Here are a couple of hints for onion fanciers: When you have a big batch of those white onions to peel, drop them, unpeeled, into boiling water. Count to 10 slowly, and immediately cool the onions with cold water. Drain them, and with a little help from a small paring knife, the outer skin will peel off easily, leaving the onions unscarred. (These onions are good not only in traditional cream sauce, but braised in chicken stock, or added to stew at the last minute. Just do not boil them to disintegration.) You've probably heard this, but it bears repeating: hold onions under cold water when peeling them. This prevents the volatile oils from rising and causing tears. And after all the peeling is done, make a paste of baking soda and water, or salt and water and rub this all over your hands; rinse thoroughly and the onion odor will disappear from your hands.

Leeks, which look like big, fat scallions, are mild-flavored and delicious members of the onion family. They are much overlooked in our cuisine, and it is a pity. The finest continental chefs would be at a loss without an abundant supply of leeks for their stocks and soups. While leeks are grown primarily for their roots, many cooks use the tender, young green part. Leeks are served cooked, and in fact, they may be prepared in any way that is suitable for asparagus. Thus they are often called "poor man's asparagus," though where leeks are little in demand and therefore expensive, they can outprice asparagus.

Leeks, like their cousins the onions, have been around since ancient times. The leek, in fact, is the national emblem of Wales. The legend goes that when Cadwalader, the Welsh leader, was about to face Edwin, the King of Northumbria, in battle, he instructed his soldiers to stick leeks in their helmets so he could distinguish them from the enemy. The Welsh were victorious, and the leek was adopted as the national emblem.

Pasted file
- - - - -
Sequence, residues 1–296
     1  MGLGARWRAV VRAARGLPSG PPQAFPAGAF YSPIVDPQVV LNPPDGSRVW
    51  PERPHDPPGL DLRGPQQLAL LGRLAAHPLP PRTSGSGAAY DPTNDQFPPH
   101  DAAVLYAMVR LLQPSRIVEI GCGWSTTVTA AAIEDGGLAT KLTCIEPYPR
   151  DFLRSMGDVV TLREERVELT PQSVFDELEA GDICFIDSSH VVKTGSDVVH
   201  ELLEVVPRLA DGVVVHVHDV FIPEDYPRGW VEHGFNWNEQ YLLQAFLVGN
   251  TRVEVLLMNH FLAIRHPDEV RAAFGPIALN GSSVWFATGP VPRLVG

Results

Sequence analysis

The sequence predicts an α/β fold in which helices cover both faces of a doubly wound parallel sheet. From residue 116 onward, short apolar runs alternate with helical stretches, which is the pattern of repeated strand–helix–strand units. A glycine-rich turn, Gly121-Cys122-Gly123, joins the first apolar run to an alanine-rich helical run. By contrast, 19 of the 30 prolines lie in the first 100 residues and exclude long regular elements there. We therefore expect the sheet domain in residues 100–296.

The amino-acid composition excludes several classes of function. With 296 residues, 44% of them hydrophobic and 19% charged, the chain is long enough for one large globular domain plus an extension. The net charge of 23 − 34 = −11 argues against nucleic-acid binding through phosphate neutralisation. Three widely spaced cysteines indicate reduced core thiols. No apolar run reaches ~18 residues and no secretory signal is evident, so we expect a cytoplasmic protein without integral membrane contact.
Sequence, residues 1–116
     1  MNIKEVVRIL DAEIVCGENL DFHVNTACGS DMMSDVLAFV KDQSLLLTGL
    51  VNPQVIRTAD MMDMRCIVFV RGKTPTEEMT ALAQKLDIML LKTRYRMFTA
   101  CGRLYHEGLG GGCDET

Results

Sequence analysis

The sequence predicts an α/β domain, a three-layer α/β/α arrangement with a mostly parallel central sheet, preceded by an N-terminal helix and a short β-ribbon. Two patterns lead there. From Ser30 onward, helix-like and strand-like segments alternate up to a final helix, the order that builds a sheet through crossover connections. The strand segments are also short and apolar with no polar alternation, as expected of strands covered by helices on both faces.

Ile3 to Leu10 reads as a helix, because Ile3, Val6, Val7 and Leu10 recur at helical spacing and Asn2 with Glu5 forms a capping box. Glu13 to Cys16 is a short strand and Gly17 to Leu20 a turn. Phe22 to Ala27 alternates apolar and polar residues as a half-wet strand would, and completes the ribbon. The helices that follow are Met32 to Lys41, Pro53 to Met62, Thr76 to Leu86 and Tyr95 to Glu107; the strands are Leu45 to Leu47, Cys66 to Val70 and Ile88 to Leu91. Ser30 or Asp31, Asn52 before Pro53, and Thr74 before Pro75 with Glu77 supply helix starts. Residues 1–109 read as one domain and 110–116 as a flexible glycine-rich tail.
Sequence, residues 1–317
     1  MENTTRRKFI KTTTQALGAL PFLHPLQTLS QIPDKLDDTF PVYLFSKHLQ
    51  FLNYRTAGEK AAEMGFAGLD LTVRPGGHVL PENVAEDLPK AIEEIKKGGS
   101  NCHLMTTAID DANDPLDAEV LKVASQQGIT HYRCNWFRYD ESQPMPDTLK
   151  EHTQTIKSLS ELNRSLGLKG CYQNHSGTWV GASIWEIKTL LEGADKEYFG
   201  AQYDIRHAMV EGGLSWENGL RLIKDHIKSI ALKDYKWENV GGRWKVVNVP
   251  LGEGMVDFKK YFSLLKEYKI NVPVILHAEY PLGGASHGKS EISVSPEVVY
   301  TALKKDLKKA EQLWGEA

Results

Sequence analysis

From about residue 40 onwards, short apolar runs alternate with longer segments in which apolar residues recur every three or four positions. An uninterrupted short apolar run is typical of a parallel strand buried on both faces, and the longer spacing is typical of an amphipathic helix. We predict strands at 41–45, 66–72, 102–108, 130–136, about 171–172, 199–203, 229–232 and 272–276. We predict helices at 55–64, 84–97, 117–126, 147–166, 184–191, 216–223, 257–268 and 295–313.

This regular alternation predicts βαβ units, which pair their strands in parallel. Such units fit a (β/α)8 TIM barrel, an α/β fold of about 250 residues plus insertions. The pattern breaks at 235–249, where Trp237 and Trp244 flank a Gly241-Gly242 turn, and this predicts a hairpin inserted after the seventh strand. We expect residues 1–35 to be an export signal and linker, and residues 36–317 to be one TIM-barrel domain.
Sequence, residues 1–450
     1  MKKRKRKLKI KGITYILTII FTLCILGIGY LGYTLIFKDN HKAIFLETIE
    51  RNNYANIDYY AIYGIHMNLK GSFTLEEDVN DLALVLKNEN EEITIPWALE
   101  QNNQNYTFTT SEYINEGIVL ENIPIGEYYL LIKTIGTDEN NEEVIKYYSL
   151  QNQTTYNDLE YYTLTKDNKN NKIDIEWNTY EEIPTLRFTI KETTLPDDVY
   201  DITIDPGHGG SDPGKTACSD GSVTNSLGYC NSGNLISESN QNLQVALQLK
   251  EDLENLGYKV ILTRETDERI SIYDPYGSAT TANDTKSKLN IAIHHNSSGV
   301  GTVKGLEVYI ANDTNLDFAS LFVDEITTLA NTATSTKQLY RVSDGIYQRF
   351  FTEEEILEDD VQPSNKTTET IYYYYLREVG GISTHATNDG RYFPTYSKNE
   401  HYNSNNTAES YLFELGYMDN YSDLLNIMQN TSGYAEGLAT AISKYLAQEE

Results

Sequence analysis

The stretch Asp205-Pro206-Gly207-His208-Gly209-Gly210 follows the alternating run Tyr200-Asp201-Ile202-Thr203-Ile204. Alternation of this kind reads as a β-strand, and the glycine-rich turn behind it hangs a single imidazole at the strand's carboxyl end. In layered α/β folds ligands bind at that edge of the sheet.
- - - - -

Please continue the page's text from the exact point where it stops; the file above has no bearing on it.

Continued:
When buying leeks, look for bunches in which the root sections are no larger than 1 1/2 inches in diameter; larger ones tend to be pulpy. To prepare leeks for cooking, strip off the outer leaves, cut off the root, and snip the green part down to where it is tender. Some cooks discard the green part altogether, considering it too coarse, but if the greens are tender, they are good when cooked. Generally speaking, it is necessary to cut the green part down to five or six inches. Leeks are always full of grit and dirt, and must be washed thoroughly. Be very careful to rinse out all pockets of grit. Then the leeks may be cooked quickly in boiling salted water . . . no more than 15 or 20 minutes. They are good served hot or cold. Try boiling them with tiny small onions, or serving them hot with your favorite mushroom sauce, or butter and lemon juice, or drain and chill them and serve them with a vinaigrette. Leeks are familiar as an essential ingredient in vichyssoise, and just as important but less familiar in Scottish cock-a-leekie soup. This is a simple soup, a recipe that hasn't changed in centuries. It consists of a tough old fowl (some say the tougher the better) combined with layers of finely sliced leeks and a few quarts of water, then simmered for hours. Sometimes a handful of barley is added to the soup, but it isn't essential. A food historian tells us that "Cock-a-leekie is ready when the fowl is rags, the leeks are pulp, and the broth is lovely."

A good cook is defined as one who "knows his onions." Here are some recipes for onions and leeks to prove it.

STUFFED ONIONS (6 servings) 6 spanish onions Cold cooked veal or chicken 1/4 teaspoon salt 1/2 teaspoon pepper 1 teaspoon chopped parsley 1/4 cup soft bread crumbs 1/4 cup butter 1 tablespoon chopped cashew nuts Buttered cracker crumbs